Putin is anticipated to win re-election yet again, continuing nearly two decades of dominance over Russian politics.

"Navalny is implicitly barred from running for office because of a conviction in a fraud case which has been viewed as political retribution," The Associated Press writes. "He could have run if he [were] given a special dispensation or if his conviction was cancelled."


A suicide bomber in Kabul killed at least 6 people in an attack early Monday, near the Afghan intelligence agency.

The Islamic State has claimed responsibility for the attack through its news agency Amaq.

One of the victims was a woman traveling in a car as it was passing by the site of the explosion, The Associated Press reports.

The exact target of the attack is unclear, the AP says.

Reuters, which confirmed five deaths with the Afghan interior ministry, reports that all of the known victims were civilians.

A winter storm system delivered Christmas Eve snow to Detroit, Chicago and other parts of the Midwest, and is now passing over the Northeast. Snow and sleet also struck some parts of the Pacific Northwest.

That means families in parts of the country woke up to a white Christmas, with corresponding joy or a touch of dread (depending, in no small part, on who has snow-shoveling duties).

And there's more to come for the states north of Pennsylvania.

Six people who were arrested at protests during President Trump's inauguration in January have been found not guilty of charges of property destruction and rioting, in the first of a series of trials over Inauguration Day demonstrations.

As the sun sets on this winter solstice, bringing an end to the shortest day of the year, headlights will flicker on in traffic jams across the country, according to estimates from AAA.

Wednesday and Thursday afternoon were expected to see the most crowded roads for this holiday season.

In New York, Los Angeles, San Francisco and Houston, the worst day for travel was Wednesday.

The European Union has taken unprecedented steps toward punishing Poland for a series of laws that have upended the checks and balances of Polish government. Through a never-before-implemented process, Poland could face sanctions, potentially including a loss of voting rights within the EU — although Hungary is expected to block the worst of the repercussions.

The Human Rights Campaign, working with artist Robin Bell, projected words like "fetus" and "transgender" onto the Trump International Hotel in Washington, D.C., on Tuesday night, to protest the words being included on a "forbidden" list circulating at the Centers for Disease Control and Prevention.

Let's just say his night took a swan dive.

Police rescued a 36-year-old man from the center of Lake Eola in Orlando, Fla, in the wee hours of Friday morning, after he hijacked a boat to visit some friends and got stuck on a fountain.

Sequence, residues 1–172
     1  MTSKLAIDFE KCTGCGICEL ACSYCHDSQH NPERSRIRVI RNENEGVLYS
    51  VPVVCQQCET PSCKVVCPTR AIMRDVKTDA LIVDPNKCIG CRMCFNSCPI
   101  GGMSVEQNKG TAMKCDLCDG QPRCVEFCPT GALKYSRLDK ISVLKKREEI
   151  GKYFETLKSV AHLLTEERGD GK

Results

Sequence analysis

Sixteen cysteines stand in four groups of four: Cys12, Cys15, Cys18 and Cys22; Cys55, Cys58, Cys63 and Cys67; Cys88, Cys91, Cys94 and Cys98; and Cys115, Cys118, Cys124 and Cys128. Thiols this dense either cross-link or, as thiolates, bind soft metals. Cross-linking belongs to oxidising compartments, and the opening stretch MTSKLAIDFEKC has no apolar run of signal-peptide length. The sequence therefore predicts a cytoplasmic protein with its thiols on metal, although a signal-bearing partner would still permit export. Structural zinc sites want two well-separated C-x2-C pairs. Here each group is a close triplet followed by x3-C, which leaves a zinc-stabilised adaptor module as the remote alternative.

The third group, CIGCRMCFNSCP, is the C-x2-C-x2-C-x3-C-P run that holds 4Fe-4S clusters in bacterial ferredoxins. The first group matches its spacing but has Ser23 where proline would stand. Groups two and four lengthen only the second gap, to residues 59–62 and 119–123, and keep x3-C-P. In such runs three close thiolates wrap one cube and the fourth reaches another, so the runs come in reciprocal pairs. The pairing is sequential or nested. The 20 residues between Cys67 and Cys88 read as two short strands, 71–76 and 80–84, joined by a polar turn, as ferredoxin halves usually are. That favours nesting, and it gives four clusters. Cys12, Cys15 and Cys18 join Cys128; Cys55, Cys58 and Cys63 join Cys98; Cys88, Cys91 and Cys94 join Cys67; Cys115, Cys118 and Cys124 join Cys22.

Facebook is expanding its use of facial recognition software to alert users when photos of them are posted on the platform — whether or not they are tagged in the photo.

By default, Facebook users in the U.S. will be signed up for these face recognition alerts, unless they have previously opted out of a similar, more limited feature. But users can turn off face recognition, Facebook says.

Additionally, the company says it will roll out new tools to alert users if someone else may be impersonating them with a misleading profile photo.

A new president in real life means a new president at Magic Kingdom, too.

Specifically, a new animatronic figure in the Hall of Presidents at Walt Disney World, where every former leader of the republic is depicted in an "audio-animatronics show."

The exhibit is currently closed for updates and maintenance, but Disney has released a sneak peak of the new addition.

Adolescent female monkeys in Japan have repeatedly engaged in sexual behaviors with sika deer, for reasons that are not yet clear, according to researchers who study macaque behavior.

The study, published in the peer-reviewed Archives of Sexual Behavior, follows up on a single report from earlier this year of a male macaque mounting a female sika deer on Yakushima Island.

Updated at 3:15 p.m. ET

A grand jury tasked with investigating broad issues of hazing at Penn State has issued a blistering report asserting that leaders at the university were well aware of pervasive misbehavior in the Greek system and failed to take action.

Penn State, responding in court, said that the university has "shown an unwavering commitment to promoting safety and accountability" and that alcohol abuse at college is a "national problem," not a university-specific one.

As public support for the death penalty wanes, the number of executions and projected death sentences in 2017 rose only slightly, remaining at nearly 25-year lows, according to the annual report released Thursday by the Death Penalty Information Center.

There were 23 executions this year, the center says. Over the past 25 years, only last year's total, 20, was lower.

The popular crowdfunding service Patreon has backed off plans to change its payment structure, after widespread, vocal and passionate opposition from creators and their fans.

Last week, the site announced it would attach a surcharge to every individual donation pledge — a change that would negatively impact anyone trying to send small quantities of money to multiple artists they support. Many users immediately pulled their support from the platform.

On Wednesday, the site reversed course, apologized to members who have already lost money, and issued a mea culpa.

Updated at 11:50 a.m. ET

Minnesota Lt. Gov. Tina Smith has been appointed to fill the U.S. Senate seat left vacant by Al Franken's upcoming resignation.

Smith, a Democrat, will serve until January 2019. She also plans to run in a special election next year to serve out the entirety of Franken's term, which ends in 2020, according to a source who spoke to Minnesota Public Radio.

Last week, another human foot washed ashore near Sooke, Canada, on Vancouver Island — the 13th foot found in British Columbia in the last decade.

Human feet have also had a tendency to wash ashore in Washington state.

The most recent foot (with lower leg bones tibia and fibula attached) was encountered by a man walking his dogs in the town of Jordan River, the CBC reports.

Copyright 2018 NPR. To see more, visit http://www.npr.org/.

KELLY MCEVERS, HOST:

The Golden Globe nominations were announced this morning. Among the nominees is Christopher Plummer for a role he played as a last-minute replacement for Kevin Spacey. NPR's Camila Domonoske reports.

Pages